Tuesday, October 23, 2007

Article in Skeptic Magazine Highlights Absurd Claims of Anti-Smoking Groups

In an article in the current issue of Skeptic magazine, Sidney Zion highlights the absurd claims that anti-smoking groups are making about the acute cardiovascular effects of secondhand smoke (see: Zion S. Science and Secondhand Smoke: The Need for a Good Puff of Skepticism. Skeptic 2007; 13[3]:20-27). In doing so, Zion draws heavily upon his interview with me.

He writes: "Dr. Michael Siegel was ex-communicated in late February 2006. A momentous event in the annals of anti-smoking militancy, for Siegel was a pioneer in the long fight to bar smoking in restaurants. He's a physician and a professor in Boston University's School of Public Health. If the Movement had a College of Cardinals, he'd have been among the first to wear the red hat. These credentials availed him nothing, for he committed the Mortal Sin of Criticism against the Infallible ASH and its pontiff, John Banzhaf."

"What brought Siegel to the apostasy was his revulsion at ASH's "fanatical" positions: that outdoor smoking should be banned, that companies should fire all smokers, that cities that permitted outdoor smoking would likely be sued by nonsmokers who keeled over from heart attacks, and for boasting that they were going to break the final frontier, by banning smoking in private homes."

"The means to these ends was ASH's claim that 30 minutes of secondhand smoke could cause fatal heart attacks in otherwise healthy nonsmokers. "In science and medicine," Siegel wrote in his blog, "we have a technical term that can be used to describe such a contention: a bunch of crap."

"Since ASH was promoting this line in the context of outdoor smoking, I asked Siegel if he thought they were right about half-hour heart attacks from indoor smoking. 'Of course not,' he said. 'As for outdoor smoking, I've never seen a credible study that [it] has ever killed anybody in any amount of time. If 30 minutes can cause fatal heart attacks, we'd have noticed it. People would be dying like flies.'"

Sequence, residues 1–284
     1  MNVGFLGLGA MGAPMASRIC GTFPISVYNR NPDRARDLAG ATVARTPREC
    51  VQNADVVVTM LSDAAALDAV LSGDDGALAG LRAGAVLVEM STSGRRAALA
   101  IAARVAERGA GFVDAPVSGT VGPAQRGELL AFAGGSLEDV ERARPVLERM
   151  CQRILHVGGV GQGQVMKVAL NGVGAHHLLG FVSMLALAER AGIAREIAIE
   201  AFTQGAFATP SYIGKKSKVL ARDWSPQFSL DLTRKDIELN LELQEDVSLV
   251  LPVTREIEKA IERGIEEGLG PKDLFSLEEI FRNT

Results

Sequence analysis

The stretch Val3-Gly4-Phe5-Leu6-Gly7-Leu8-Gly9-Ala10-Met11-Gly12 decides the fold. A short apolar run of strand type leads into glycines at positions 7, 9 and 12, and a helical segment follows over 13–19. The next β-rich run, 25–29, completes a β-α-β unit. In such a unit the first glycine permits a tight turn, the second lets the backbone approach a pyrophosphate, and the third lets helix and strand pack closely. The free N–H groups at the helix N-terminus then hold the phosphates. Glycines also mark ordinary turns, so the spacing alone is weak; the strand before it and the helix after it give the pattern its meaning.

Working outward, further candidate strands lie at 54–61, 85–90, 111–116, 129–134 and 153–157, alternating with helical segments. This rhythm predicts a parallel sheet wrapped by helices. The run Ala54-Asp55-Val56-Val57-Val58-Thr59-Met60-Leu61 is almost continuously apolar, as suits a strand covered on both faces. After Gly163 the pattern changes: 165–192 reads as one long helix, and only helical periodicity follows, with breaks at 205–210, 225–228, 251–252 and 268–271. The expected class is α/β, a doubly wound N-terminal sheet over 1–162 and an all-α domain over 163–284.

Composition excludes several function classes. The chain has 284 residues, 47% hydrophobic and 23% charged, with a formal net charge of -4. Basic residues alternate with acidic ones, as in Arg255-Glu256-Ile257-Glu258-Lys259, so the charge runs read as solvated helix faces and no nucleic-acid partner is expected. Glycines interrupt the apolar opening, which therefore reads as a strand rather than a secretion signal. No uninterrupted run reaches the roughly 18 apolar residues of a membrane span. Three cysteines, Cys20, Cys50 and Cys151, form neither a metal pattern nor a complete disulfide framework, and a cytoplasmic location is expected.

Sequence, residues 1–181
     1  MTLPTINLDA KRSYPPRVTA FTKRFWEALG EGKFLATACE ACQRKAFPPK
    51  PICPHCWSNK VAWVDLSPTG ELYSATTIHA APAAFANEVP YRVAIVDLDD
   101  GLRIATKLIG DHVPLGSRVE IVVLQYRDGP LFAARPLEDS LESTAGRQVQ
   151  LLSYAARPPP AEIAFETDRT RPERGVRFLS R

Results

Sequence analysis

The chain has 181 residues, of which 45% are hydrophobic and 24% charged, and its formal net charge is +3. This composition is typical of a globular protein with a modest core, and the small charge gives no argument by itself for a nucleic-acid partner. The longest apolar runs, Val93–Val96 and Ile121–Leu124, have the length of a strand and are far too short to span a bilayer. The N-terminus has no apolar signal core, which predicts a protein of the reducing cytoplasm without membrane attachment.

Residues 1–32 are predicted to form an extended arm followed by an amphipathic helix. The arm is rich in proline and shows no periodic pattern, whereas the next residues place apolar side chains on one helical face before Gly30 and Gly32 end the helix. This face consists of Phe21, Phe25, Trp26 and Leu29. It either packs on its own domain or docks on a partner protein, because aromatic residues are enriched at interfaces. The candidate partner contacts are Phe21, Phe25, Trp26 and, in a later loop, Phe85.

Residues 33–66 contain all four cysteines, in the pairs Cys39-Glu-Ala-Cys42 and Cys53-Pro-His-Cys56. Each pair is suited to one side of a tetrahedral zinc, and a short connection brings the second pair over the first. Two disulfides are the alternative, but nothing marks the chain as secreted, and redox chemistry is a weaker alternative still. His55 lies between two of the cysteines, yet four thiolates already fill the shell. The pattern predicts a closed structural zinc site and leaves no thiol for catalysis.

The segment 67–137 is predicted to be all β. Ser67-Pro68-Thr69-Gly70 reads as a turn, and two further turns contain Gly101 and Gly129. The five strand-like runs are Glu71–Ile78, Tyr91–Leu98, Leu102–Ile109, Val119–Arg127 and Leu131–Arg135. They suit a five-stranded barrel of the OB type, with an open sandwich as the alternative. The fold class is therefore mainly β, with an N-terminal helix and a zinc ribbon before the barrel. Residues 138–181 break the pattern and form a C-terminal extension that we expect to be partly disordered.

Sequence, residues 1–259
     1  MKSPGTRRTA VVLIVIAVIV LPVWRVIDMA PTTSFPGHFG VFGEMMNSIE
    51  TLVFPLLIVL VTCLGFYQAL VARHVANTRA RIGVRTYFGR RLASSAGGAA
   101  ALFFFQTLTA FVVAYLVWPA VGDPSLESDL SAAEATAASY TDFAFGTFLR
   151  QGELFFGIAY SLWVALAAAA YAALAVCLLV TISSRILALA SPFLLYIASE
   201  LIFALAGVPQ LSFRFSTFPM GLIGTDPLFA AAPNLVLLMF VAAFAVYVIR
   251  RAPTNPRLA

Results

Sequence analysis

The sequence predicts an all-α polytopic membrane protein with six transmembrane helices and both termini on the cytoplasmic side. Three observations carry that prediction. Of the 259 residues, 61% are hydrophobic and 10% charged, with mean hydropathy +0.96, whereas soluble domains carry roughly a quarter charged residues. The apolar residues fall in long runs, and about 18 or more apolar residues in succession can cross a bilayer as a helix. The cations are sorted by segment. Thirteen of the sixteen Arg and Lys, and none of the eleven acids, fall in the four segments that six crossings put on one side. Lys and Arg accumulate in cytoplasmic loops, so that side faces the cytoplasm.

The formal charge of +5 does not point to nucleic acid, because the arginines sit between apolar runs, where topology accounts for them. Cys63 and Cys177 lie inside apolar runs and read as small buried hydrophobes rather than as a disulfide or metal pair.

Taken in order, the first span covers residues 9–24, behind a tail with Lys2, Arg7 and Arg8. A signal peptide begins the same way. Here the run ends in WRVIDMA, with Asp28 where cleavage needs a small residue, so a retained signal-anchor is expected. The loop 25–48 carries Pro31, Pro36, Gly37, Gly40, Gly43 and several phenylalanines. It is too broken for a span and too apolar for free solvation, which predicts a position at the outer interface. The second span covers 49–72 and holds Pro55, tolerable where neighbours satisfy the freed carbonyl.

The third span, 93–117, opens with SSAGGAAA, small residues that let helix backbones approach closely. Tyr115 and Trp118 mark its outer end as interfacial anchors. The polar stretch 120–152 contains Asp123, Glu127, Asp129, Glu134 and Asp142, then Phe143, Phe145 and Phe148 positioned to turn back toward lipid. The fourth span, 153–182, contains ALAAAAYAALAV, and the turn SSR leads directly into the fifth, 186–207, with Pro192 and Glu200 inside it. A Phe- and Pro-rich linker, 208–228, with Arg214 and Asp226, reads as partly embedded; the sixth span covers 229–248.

In a piece that provides somewhat of a counter-point (in terms of the effects of chronic exposure to secondhand smoke), Dr. Harriet Hall, a physician who has no connection to the anti-smoking movement (at least not that I am aware of) expresses her agreement that the anti-smoking movement is seriously overstating its case. This is an important development, because it gives some indication of what a "neutral" physician believes and how she views this debate (see: Hall H. Clearing the Air: What Does Science Really Say About Secondhand Smoke? Skeptic 2007; 13[3]:28-31).

Dr. Hall writes: "Sidney Zion is right about one thing: anti-smoking activists have overstated the evidence against secondhand smoke. ... Hysterical anti-smoking activists have gone overboard, using this uncertainty [about whether there is a threshold below which secondhand smoke is absolutely innocuous] alone to support their demands for total bans. ... Common sense tells us that a low level of exposure is innocuous enough for practical purposes. Common sense tells us that judges should not be taking children away from parents just because the parents smoke."

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